posted March 15, 2002

CD Will Feature Women Composers Since Mid-1700s

Support from the Nokomis Foundation of Grand Rapids will help Linda Dykstra of the Hope College music faculty develop a compact disc that will feature art songs by women composers from 1750 to the present.

Her goal is to enhance access to a collection of work that she feels deserves to be better known.

"Most of the songs I propose to record are unknown and unrecorded, but comprise a significant body of literature that should not be lost," said Dykstra, a lyric soprano who is an assistant professor of music at Hope.

"The broad time period will provide a variety of compositional styles, and a variety of nationalities and languages will be represented," she said. "I hope they will be of interest to musicologists, singers, voice teachers, students and those who love art song."

Art songs are self-contained compositions--as opposed to excerpts from larger operatic works--for a solo vocalist accompanied by an instrument. Dykstra's interest in researching, teaching and performing such songs by women composers has grown in the past five years, since she joined the Hope faculty and started performing music by women for the college's Women's Week in February and March.

Although the CD's final mix will depend on her on- going effort to secure permission from each composer or publisher, she intends to include a range of European and American women from the past 250 years. Her work on the project will include research to develop liner notes that will include background information about the composers as well as sources for the music.

Dykstra, who also teaches part-time at Grand Valley State University, will record the CD in the Sherman Van Solkema Recital Hall at Grand Valley this summer. Pianist will be Joan Conway, professor emerita of music at Hope, and recording technician will be John Erskine, a part- time lecturer in music at the college.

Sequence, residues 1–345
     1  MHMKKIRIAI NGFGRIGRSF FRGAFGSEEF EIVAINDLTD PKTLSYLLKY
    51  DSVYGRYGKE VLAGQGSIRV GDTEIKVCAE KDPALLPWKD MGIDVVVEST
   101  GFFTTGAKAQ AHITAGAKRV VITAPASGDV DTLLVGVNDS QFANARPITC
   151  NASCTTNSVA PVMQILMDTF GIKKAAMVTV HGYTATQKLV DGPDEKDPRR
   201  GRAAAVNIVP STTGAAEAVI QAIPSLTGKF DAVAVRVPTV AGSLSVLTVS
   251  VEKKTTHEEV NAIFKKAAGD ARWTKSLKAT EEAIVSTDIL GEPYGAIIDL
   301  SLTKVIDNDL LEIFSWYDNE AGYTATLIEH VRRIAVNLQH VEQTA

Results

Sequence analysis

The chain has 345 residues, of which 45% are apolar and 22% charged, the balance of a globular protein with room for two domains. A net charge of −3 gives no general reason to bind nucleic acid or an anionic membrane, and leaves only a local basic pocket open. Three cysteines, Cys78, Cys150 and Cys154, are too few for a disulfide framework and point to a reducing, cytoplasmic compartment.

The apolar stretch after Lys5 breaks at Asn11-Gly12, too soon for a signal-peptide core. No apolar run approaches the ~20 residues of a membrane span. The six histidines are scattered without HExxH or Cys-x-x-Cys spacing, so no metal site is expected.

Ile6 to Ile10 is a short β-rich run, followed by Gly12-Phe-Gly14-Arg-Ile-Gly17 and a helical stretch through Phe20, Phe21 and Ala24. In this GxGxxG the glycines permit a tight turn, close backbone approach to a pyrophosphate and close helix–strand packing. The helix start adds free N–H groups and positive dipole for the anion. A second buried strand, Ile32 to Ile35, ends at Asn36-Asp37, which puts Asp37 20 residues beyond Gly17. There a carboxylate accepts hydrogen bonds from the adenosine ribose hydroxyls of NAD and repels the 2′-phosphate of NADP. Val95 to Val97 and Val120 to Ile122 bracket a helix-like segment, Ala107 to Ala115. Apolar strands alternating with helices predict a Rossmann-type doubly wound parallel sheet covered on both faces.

A native of Hingham, Wis., Dykstra came to Hope in 1997 from Maryland, where her teaching time was divided between private voice students at her Columbia, Md., voice studio, the University of Maryland Baltimore County and Loyola College. In March of 1997, she received the Voice Teacher of the Year Gold Medallion presented by the Rosa Ponselle Foundation, established in honor of the famed opera singer in her adopted hometown of Baltimore, Md.

Dykstra spent seven years in Germany, where she studied voice, performed with the Kleines Opern Ensemble Berlin, and sang numerous lieder recitals and concerts, including a recital of Richard Strauss Lieder for the composer's family at his villa in Garmisch-Partenkirchen, and a performance of Carl Orff's "Carmina Burana" at the Berliner Philharmonic.

In addition to oratorio and recital performances, she is a frequent adjudicator at vocal solo/ensemble festivals, and has conducted vocal technique workshops for choral groups and secondary-level vocal music teachers and students, as well as for the Maryland Music Educators Association State Convention. She holds bachelor's and master's degrees in music from the University of Maryland.

The Nokomis Foundation strives to make a difference in the lives of women and girls, primarily by advocating for women-friendly policies, celebrating women's accomplishments, instilling economic self-sufficiency, promoting healthy choices and seeking new opportunities to create a stronger voice for them. The foundation primarily funds grants in the Kent-Ottawa-Allegan County area.